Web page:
Like any good frugal type, I’m plenty conflicted about holiday gift giving on all sorts of levels.
To begin with, I’m Jewish, but as you read this, I’m pulling presents out from under the Christmas tree. (Actually, I’m fine with that part.)
The more I think about the practice of exchanging gifts in modern society, the more it looks like the physical manifestation of a social media stream: highly calculated but usually misguided attempts to demonstrate one’s own cleverness and importance.
Even gifts given in a highly altruistic spirit usually fall short. I’m no exception: I give plenty of dumb gifts.
I’d assumed this was a caveman way of looking at things, but every December, my wife rereads a small book called Scroogenomics: Why You Shouldn’t Buy Presents for the Holidays.
The book, by an economics professor named Joel Waldfogel, makes a simple argument:
1. Most gifts are (at best) not quite what the recipient wanted.
2. In other words, the recipient would be happier to have the cash value of the gift rather than the gift itself.
3. On average, therefore, giving gifts is a waste of time and money compared to just giving cash or charitable donations. Gift-giving actually destroys economic value by turning money into unwanted stuff.
4. This is not just academic thumb-twiddling: huge numbers of people go into credit card debt every year in order to fund their holiday shopping.
Here’s an example. I enjoy buying clothes and am picky about how they fit. Legend has it my parents are buying me a pair of pants for Christmas. (Hi, Mom! It’s me, your ungrateful wretch.)
Unless they’ve discovered some top secret pants breakthrough (parachute pants with actual built-in parachute? MC Hammer pants with actual built-in…never mind), giving me pants is silly compared to giving me cash to pick out my own pants.
Hmm, “pants breakthrough” doesn’t sound good at all, does it?
There is a perfect type of purchased gift, as rare as a unicorn. It’s the gift that the recipient absolutely loves and would have bought for herself but had no idea it existed.
How often have you given or received a gift like this? Not often, I’d wager, and it’s getting harder to pull off, because every cool thing on earth gets linked up on Twitter or Pinterest long before the holidays.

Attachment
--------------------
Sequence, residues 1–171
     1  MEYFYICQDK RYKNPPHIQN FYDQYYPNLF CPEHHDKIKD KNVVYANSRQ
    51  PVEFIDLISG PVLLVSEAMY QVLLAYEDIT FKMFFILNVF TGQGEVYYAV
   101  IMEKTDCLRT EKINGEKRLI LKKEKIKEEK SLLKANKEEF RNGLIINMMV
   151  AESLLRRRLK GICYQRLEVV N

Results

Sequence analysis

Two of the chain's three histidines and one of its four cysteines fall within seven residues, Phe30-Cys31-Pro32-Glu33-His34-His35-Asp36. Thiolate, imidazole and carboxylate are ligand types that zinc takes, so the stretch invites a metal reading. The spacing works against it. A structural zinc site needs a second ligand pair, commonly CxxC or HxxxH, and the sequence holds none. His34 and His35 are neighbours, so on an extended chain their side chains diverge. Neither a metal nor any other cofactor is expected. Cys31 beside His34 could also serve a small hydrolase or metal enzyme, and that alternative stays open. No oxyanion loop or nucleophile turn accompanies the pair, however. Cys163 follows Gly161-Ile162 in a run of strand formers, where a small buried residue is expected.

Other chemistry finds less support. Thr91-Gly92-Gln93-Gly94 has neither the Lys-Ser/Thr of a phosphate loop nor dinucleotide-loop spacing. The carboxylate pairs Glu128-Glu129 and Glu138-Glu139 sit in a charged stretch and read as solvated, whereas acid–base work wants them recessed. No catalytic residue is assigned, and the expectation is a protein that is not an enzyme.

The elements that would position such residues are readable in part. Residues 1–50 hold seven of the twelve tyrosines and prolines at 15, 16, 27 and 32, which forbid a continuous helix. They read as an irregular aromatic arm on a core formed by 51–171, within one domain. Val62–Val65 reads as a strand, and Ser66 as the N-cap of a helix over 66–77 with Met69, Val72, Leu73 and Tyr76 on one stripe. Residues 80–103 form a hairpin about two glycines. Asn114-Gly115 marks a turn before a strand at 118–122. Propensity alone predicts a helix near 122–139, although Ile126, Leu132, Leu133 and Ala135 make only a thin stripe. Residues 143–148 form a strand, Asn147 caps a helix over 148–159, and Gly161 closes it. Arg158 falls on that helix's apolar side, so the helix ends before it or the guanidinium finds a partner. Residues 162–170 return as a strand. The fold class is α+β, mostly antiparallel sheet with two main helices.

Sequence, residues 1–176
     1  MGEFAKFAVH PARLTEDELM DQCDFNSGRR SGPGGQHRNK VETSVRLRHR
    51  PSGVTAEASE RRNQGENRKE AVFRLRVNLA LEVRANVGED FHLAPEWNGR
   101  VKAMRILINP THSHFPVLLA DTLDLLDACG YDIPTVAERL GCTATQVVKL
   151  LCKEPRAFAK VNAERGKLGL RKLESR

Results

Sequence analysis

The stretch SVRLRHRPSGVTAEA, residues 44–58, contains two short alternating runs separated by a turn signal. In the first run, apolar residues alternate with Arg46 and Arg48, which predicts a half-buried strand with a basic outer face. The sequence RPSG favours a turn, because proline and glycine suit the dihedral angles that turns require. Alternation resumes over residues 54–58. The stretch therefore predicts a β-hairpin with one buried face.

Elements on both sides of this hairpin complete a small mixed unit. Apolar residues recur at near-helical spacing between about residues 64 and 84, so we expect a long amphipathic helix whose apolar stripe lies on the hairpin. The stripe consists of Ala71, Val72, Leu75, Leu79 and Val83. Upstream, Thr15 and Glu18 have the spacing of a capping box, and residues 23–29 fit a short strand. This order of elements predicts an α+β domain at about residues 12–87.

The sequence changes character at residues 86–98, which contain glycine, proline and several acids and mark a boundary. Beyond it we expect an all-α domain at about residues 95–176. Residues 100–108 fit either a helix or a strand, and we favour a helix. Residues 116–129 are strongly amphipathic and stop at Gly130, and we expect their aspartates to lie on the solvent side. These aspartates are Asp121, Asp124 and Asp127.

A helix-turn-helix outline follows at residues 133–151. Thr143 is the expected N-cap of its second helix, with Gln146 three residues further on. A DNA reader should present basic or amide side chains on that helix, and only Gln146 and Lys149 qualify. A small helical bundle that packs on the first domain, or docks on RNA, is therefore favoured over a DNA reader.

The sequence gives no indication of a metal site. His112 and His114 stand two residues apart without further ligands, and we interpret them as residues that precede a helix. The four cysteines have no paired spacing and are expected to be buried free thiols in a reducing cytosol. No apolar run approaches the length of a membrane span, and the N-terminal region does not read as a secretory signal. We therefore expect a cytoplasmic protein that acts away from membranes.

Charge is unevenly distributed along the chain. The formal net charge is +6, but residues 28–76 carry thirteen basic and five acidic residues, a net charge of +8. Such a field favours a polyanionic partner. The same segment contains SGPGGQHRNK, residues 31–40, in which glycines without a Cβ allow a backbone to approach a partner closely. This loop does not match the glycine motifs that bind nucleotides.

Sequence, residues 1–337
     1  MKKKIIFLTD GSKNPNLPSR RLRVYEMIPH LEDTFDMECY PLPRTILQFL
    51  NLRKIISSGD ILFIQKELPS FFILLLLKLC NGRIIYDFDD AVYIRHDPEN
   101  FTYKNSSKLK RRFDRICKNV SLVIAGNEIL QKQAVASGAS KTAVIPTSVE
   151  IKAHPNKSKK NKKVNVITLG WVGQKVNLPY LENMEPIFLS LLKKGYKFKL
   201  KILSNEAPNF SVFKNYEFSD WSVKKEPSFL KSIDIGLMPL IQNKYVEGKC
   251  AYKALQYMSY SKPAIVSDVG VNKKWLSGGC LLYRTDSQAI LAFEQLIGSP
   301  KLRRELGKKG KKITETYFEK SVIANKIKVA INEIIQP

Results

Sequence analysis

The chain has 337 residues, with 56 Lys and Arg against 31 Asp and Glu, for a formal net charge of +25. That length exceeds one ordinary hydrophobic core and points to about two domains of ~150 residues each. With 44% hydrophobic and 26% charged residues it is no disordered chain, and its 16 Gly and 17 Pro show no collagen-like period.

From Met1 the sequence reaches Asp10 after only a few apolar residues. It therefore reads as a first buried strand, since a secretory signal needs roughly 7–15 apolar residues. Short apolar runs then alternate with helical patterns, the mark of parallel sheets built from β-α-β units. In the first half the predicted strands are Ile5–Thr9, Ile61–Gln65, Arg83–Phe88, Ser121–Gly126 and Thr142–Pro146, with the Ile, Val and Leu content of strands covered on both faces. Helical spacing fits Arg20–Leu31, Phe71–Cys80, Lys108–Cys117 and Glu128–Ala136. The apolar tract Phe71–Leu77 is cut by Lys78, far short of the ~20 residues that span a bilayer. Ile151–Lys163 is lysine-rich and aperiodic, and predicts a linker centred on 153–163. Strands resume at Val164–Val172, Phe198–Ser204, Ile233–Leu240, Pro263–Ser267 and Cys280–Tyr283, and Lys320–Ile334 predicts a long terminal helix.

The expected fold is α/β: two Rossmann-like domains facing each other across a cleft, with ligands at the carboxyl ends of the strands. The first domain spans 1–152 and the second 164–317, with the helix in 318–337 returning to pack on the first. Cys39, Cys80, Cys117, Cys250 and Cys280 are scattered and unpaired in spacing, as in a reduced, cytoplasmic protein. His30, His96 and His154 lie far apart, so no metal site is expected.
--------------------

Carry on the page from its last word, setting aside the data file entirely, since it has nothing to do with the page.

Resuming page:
Sweet and green
What’s wrong with cash, anyway?
I understand that, like social media updates, gift-giving is all about what economists call signaling. The gift itself isn’t the point; the point is to demonstrate how much we value someone by sacrificing our time and money, and demonstrate how well we know them by selecting an appropriate gift.
That sounds like an argument against Waldfogel’s thesis, but it’s not. Wanting to show our friends and family that we care about them is a nice impulse. No one short of the Grinch is opposed to that.
But showing our love by giving people stuff they don’t need or want, just because that’s what we’ve always done, is ridiculous.
What’s wrong with cash, anyway? We’ve created a massive and wasteful gift card industry just so people don’t have to shamefully hand each other envelopes full of twenties (or submit electronic bank transfers), even though any sane person would prefer cash to a gift card.
The stigma against giving cash is strongest when it comes to gifts from younger generations to older ones. This makes perfect sense: if I gave my parents cash for Christmas, I’d be implying that they needed a handout.
My parents don’t need a handout. They are comfortably retired and don’t need me to give them $50. But that means they don’t need anything I could buy them for $50, either. (Why do I keep picking on my parents? Apparently I have issues.)
My brother likes beer. We were going to give him a special bottle of beer and a $20 gift certificate to a beer shop. But we reconsidered: we’re giving him the bottle and a $20 bill. Somehow I doubt he’ll be disappointed.
The greatest gift of all
The greatest gift of all is a smile in the heart of…nah, I’m kidding. Sort of.
The ultimate gift would be something the recipient wants but can’t buy for himself, and which costs very little money to provide. I feel like a sentimental idiot even saying something so obvious, but the thing that best fits the bill is a child’s drawing.
One of the best gifts we ever gave my dad for his birthday was a cartoon about him that my daughter and I drew. It’s displayed prominently on my parents’ wall.
For adult-to-adult gifts, however, I’m really not sure what to do. There’s no way to explain why you’re not giving someone a gift without being a jerk, unless you’re an economics professor and everybody already thinks you’re a jerk.
This year, I stumbled on services like Giftly and GiftRocket, which let you give thinly-veiled cash. The recipient gets what looks like an electronic gift card for a particular restaurant or store, but it’s immediately redeemable for cash.
You could give this to an older relative without shame, I think, but should you? It still means demonstrating your love by giving cash to someone who probably needs the cash less than you do.
My wife writes letters by hand, which is a great gift for a certain type of person, but anyone receiving a handwritten letter from me would assume the Internet was broken.
My goal isn’t to be the dark cloud over your holiday celebration. This is a mea culpa: my family spent 25% less on the holidays this year than last year, but we still spend too much, and I’m a big part of the problem: I make sure those stockings are stuffed.
Diverting most of our gift budget to charity would make a lot of sense. Getting there without being sanctimonious—or downright Scroogey—is the tricky part.
Matthew Amster-Burton is a personal finance columnist at Mint.com. Find him on Twitter @Mint_Mamster.